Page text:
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Board fixes $2.5 million budget glitch

Even when dealing with a $290-plus million expenditure budget, the loss of $2.5 million would certainly raise some questions.

For Independent School District 196, $2.5 million was enough of a warning flag to catch a discrepancy in its 2009-20 preliminary budget.

The district made a $2,517,712 adjustment Monday to the 2009-10 preliminary budget which was approved in June. The $2.5 million increase in the expenditure budget was the correction of an upload error discovered during a reconciliation of the finance system.

"It's a bit unusual with this one," said Jeff Solomon, the district's finance director. "We found the error early on and instead of waiting for the normal cycle to make that correction, we asked the board to make that adjustment now."

The change includes a $2.5 million budget in expenditures for the upcoming school year.

The error was related to one school's operating budget not being properly uploaded into the district's financial system. That caused the final budget numbers to be understated.

A change in software might have contributed to the error. The district recently began using a Web-based budgeting system.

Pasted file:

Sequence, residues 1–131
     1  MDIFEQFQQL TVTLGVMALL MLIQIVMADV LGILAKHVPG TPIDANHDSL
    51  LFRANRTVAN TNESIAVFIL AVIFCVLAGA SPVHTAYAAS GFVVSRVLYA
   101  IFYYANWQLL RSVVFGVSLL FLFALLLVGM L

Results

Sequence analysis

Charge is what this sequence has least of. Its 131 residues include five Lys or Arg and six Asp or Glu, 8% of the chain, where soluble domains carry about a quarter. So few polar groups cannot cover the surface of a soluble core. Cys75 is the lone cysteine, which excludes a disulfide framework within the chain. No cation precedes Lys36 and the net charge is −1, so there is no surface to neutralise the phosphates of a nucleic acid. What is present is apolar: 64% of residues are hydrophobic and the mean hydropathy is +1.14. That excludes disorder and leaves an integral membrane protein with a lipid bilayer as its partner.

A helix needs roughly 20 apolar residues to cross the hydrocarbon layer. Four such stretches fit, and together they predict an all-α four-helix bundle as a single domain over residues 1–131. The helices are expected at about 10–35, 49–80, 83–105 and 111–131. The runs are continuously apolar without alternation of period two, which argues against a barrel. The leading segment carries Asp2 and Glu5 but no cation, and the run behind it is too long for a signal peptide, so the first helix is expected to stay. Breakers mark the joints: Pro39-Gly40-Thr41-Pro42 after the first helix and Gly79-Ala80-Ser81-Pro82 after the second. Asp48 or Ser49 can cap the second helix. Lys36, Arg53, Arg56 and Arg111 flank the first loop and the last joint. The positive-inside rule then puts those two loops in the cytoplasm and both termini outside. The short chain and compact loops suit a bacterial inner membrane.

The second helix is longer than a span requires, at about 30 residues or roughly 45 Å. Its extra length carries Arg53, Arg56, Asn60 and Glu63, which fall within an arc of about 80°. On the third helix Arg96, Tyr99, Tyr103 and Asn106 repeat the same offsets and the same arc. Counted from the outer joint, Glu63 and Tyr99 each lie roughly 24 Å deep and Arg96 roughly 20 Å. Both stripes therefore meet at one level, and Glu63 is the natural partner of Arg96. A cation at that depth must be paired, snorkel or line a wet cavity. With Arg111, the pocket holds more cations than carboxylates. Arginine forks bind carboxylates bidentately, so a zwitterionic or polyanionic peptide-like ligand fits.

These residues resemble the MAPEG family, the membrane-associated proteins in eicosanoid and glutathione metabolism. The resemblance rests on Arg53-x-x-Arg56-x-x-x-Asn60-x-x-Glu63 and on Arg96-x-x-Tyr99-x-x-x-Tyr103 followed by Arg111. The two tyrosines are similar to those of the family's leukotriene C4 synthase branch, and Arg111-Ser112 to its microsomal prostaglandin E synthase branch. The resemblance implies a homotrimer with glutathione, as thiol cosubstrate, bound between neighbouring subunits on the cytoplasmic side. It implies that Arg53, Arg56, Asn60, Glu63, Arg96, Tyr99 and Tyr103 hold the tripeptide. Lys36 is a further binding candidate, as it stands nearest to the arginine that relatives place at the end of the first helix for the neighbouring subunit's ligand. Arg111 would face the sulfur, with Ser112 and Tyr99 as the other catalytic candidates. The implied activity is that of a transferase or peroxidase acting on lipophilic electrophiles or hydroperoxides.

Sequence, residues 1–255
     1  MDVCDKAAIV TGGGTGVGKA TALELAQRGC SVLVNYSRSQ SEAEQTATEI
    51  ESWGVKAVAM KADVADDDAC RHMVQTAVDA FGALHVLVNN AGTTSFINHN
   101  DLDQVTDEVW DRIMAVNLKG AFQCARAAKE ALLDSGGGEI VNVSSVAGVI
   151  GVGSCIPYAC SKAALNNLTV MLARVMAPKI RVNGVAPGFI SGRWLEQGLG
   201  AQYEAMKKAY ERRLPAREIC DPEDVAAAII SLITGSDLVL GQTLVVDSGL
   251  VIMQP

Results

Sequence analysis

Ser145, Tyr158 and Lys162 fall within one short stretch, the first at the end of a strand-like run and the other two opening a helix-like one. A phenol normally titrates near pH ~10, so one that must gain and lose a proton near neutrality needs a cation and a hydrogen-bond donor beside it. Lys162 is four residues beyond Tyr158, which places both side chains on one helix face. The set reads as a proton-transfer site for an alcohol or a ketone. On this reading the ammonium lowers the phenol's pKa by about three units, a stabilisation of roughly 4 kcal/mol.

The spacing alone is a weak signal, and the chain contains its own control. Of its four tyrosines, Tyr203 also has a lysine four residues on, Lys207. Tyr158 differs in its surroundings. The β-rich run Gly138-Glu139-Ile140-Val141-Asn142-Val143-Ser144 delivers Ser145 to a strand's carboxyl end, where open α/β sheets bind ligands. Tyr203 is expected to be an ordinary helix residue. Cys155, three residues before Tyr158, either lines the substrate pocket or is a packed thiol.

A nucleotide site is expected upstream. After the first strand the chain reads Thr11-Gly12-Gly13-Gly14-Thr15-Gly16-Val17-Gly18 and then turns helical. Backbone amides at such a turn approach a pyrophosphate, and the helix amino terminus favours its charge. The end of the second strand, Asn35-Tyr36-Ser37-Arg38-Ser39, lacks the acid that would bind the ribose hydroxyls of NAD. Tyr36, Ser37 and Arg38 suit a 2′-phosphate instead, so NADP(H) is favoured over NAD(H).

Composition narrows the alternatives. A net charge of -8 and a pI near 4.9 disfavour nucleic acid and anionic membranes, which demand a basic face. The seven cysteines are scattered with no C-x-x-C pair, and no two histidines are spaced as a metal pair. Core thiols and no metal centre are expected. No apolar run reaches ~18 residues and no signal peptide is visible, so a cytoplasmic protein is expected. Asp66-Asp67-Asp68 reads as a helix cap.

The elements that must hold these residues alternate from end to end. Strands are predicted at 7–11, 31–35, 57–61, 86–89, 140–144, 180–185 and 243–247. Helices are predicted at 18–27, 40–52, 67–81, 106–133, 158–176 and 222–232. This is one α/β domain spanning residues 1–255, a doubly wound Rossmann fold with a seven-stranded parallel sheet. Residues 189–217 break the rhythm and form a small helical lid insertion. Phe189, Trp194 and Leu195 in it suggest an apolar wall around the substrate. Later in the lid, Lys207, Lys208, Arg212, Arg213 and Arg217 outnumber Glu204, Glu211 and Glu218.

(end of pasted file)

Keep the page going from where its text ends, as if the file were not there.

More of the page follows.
"We moved from using spreadsheets in Excel to online because it gave us many advantages when going through the process," Solomon said. "It is a faster way to summarize data. It allows buildings to see more information and an opportunity to see more detail.

"It was not the fault of the new budget system. It didn't introduce anything new. An upload was always part of the process. But with the new system we were more vulnerable to error because it was new to us. We had allowed the opportunity to double-check the process."

The change increased the expenditure budget from $292.4 million to $294.9 million after the board approved the change on Monday.

The district's finance department discovered the error in July and warned the school board about the mistake.

"This is not a systemic error," board member Joel Albright said. "I want everyone to be aware. This is unusual, but we were informed and we were kept informed, and this is not a $2 million dollar loss or something that was spent and we didn't know about it.

"It was just the expenses, or budgeting, was there and it just didn't get uploaded properly. It's not a loss to the district. It's just now accounting for it."

The discovery of the error might have been due in part to the district's finance department paying close attention to the numbers of the district's five-year financial plan.

"Just having that extra sixth-sense on the finances of the district," board member Art Coulson said. "And knowing that the numbers didn't seem to add up, even though the programs were telling us they added up. i think that's what really sets it apart for me.

"You know that I'm appreciative that our finance team is as strong as it is and we are able to identify this as it happens and not go forward with that kind of mistake dogging behind us."

The preliminary budget, following normal procedure, is brought for approval in June and then reviewed before a final approval in late October. The October review includes the use of actual enrollment numbers and any adjustments that must be made for enrollment.

Typically, another review and adjustment is then made in the spring.